Tuesday, January 16, 2018

Fifty-Fifty Martini

Sometimes you want a little more out of your Martini. The Martini was originally a wine cocktail with a good helping of vermouth (fortified wine) and some bad prohibition-era gin to back it up. It was really a vermouth-lover's drink and did its best to hid the poor quality of spirits available at the time. If one purpose of the cocktail is to spread the expensive stuff thin over a lot of cheap liquor so that it goes farther and has more effect, than the Martini is guilty of this.

But following prohibition, the quality of gin went way up as imports became available. People's tastes changed and they wanted stronger drinks. Most vermouths made in California were of lesser quality than the stuff from France and Italy. We imported less of the good vermouths because of our taste for dry cocktails, until eventually only poor quality vermouth was available in most bars. So we had the reverse of the original cocktail with almost no vermouth present.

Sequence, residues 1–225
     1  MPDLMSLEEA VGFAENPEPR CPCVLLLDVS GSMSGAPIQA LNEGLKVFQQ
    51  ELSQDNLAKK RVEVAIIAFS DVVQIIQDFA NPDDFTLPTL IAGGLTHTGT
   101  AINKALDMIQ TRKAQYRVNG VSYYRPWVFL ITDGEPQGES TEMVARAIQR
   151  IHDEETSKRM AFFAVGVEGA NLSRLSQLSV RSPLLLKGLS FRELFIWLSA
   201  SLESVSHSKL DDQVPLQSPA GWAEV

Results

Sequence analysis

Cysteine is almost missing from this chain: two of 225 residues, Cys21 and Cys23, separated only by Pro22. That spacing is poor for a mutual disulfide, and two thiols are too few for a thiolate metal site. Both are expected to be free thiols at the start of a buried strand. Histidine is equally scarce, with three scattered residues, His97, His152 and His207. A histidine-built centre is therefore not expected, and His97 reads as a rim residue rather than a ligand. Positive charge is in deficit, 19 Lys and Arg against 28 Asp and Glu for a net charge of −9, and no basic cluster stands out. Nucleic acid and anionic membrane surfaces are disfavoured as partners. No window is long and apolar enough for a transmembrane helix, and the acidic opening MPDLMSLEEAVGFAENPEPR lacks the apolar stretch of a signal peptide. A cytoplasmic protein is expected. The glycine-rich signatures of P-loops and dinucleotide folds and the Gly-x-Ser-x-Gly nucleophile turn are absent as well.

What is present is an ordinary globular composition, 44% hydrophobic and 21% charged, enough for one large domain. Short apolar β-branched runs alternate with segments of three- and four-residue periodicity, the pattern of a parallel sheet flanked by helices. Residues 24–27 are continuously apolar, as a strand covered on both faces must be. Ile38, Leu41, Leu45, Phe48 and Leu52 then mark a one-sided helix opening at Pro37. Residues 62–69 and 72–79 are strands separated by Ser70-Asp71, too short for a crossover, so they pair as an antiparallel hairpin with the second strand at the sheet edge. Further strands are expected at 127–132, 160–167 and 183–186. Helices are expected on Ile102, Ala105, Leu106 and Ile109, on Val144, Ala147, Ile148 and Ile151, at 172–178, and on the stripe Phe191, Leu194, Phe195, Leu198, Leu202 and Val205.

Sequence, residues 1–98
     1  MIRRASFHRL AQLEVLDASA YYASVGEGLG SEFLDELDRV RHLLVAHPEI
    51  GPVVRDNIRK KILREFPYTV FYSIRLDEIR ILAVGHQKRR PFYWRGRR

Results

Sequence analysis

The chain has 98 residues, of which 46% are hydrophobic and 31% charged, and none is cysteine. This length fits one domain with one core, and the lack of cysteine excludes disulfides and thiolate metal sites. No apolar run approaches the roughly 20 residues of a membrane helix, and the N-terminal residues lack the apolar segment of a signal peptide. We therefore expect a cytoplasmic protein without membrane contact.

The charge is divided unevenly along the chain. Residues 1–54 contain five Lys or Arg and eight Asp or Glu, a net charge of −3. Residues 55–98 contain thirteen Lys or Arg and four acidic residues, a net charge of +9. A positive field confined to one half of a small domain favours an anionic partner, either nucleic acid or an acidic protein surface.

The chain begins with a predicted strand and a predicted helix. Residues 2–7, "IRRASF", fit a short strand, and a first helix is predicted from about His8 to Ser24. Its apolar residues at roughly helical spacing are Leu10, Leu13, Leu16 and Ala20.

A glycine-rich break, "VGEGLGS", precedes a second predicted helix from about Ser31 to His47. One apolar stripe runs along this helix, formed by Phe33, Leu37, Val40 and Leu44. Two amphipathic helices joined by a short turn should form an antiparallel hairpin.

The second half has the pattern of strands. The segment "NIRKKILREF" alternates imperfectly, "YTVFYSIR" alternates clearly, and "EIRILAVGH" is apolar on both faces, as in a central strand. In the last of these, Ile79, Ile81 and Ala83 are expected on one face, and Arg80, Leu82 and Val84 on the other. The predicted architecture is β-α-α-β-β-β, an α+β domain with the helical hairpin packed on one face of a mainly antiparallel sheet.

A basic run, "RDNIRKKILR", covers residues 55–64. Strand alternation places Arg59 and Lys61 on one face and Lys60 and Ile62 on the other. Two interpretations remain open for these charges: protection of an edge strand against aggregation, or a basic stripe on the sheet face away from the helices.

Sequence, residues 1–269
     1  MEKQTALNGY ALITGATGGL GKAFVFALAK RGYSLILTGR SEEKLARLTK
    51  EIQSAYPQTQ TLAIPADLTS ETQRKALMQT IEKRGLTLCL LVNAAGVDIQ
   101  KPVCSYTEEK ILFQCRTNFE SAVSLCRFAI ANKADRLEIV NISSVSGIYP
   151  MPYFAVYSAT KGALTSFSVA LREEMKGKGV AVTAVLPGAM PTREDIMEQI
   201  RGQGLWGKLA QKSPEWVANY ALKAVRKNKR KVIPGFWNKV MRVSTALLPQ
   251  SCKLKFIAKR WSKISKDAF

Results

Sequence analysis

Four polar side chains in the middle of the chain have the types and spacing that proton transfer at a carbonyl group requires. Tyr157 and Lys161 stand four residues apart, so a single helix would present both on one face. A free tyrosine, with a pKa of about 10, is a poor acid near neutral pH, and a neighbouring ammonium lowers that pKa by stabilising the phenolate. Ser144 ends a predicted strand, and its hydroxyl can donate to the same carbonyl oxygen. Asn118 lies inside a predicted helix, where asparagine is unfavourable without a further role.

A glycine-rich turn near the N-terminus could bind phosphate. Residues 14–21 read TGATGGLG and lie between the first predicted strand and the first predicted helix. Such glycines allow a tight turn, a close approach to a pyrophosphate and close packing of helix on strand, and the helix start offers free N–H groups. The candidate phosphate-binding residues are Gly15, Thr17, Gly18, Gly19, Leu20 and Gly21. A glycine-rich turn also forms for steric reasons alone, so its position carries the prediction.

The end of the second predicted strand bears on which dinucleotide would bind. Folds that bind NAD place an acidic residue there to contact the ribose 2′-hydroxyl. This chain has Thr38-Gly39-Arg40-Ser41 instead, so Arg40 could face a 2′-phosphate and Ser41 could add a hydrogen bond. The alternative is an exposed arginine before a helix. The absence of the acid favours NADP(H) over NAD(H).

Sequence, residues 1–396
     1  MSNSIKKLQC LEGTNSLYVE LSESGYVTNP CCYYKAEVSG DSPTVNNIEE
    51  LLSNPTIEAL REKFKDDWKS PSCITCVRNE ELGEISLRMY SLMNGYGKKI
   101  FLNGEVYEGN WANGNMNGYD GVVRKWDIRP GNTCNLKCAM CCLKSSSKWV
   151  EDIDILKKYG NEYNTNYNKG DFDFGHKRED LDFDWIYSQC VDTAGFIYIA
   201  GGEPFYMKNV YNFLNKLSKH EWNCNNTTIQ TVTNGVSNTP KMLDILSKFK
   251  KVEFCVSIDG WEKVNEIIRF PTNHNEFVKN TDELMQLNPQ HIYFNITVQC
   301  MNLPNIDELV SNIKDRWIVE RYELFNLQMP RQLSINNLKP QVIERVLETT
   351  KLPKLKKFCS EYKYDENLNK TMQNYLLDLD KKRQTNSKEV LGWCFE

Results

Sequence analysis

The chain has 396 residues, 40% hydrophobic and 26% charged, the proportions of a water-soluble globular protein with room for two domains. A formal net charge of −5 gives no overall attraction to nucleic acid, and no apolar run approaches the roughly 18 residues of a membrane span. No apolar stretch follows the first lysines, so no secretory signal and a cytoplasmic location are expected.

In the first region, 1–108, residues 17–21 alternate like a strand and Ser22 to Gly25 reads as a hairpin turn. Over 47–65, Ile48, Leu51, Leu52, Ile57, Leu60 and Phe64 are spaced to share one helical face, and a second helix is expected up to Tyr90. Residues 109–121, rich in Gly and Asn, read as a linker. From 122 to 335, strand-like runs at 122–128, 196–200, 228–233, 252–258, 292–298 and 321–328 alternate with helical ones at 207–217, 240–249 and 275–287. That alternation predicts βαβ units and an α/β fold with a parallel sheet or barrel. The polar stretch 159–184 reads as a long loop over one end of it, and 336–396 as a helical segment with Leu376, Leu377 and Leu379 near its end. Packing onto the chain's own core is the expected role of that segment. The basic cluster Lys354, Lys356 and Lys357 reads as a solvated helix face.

Now, though, you can get good stuff all around. And most bars don't mind pouring a little more vermouth in a cocktail. It's not something that they often charge for. So go ahead. Get a Martini made with half gin, a strong one like KO Battle Standard Navy Strength gin, and Dolin extra dry. You won't regret it--or maybe you will.
  • 2 oz. gin (KO Battle Standard Navy Strength used)
  • 2 oz. dry vermouth (Dolin extra dry used)
  • Spanish olive
Combine liquid ingredients in a mixing glass with ice. Stir and strain into a chilled cocktail glass. Garnish with the olive.

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